The AG_BindFooMp() variant accepts an extra lock argument, which is a mutex device (i.e., an AG_Mutex or pthread_mutex_t) to be acquired whenever the data referenced by pVal will be accessed.
The AG_BindFooFn() variants create or modify a variable, tying the variable to a function fn, which will be evaluated whenever the variable is read. A list of optional AG_Event(3) style arguments follow the fn argument.
These functions provide an interface to floating-point numbers. The long double functions are only available if AG_HAVE_LONG_DOUBLE is defined.
These functions provide an interface to C strings. A string variable can either contain a dynamically-allocated buffer, or reference an external, fixed-size buffer.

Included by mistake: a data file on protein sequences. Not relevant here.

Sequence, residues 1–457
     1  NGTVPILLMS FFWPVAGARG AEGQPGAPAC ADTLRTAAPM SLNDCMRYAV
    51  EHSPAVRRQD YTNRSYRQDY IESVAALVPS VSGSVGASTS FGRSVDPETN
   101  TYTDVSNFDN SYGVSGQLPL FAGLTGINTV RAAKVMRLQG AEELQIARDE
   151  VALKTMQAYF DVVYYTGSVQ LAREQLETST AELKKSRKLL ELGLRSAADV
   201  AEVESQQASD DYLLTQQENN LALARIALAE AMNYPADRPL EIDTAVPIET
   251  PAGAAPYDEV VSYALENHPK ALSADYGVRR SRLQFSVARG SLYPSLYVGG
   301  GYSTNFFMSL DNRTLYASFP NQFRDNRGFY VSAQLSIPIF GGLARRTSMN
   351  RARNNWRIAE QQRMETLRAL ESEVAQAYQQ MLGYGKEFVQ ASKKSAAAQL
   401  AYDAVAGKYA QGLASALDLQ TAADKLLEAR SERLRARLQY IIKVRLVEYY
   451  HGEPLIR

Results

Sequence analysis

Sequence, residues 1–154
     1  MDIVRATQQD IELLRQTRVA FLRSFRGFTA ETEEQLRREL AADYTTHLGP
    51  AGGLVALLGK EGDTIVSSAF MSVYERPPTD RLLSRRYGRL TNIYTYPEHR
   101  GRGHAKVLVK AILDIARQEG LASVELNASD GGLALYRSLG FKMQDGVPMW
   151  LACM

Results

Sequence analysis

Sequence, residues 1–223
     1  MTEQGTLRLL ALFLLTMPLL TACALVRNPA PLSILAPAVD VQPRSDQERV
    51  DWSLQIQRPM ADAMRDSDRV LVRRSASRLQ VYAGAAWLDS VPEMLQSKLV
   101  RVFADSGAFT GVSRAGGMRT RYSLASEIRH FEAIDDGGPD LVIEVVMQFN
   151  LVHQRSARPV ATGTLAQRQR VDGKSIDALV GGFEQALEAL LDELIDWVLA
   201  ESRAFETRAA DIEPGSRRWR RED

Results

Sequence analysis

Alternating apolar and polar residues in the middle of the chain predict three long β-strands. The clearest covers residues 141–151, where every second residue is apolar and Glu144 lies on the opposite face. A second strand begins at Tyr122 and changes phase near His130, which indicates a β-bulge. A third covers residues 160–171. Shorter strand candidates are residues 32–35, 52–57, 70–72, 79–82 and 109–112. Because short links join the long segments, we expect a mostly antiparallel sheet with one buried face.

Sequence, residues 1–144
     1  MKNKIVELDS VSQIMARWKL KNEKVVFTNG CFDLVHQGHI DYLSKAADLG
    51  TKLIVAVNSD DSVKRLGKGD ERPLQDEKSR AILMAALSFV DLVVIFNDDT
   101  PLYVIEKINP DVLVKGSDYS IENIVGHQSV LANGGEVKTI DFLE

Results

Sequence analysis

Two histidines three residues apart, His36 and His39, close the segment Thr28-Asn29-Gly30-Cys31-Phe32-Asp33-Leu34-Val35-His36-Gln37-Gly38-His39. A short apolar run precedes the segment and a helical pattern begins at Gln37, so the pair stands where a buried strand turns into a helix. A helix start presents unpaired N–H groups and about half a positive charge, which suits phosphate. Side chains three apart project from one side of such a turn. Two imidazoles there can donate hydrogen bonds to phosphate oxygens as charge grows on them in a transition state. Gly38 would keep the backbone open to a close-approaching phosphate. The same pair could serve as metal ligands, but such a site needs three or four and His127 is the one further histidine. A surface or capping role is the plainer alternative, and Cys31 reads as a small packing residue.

AG_GetString() returns the contents of a string variable. The string is safely copied to fixed-size buffer dst, of size dst_size. The return value is the number of bytes that would have been copied, were dst_size unlimited.
AG_GetStringDup() returns a newly-allocated copy of the string variable. If the string cannot be allocated, NULL is returned.
The AG_GetStringP() function returns a direct pointer to the buffer containing the string. If the given variable is function-defined (i.e., it was set by AG_BindStringFn()), the value generated by the last AG_EvalVariable() operation is returned. Note that AG_GetStringP() is not free-threaded, so calls to this function should be protected by AG_LockVariable() (as an exception, dynamically-allocated strings set by AG_SetString() are safe to access without locking, as long as the variable's parent object is locked).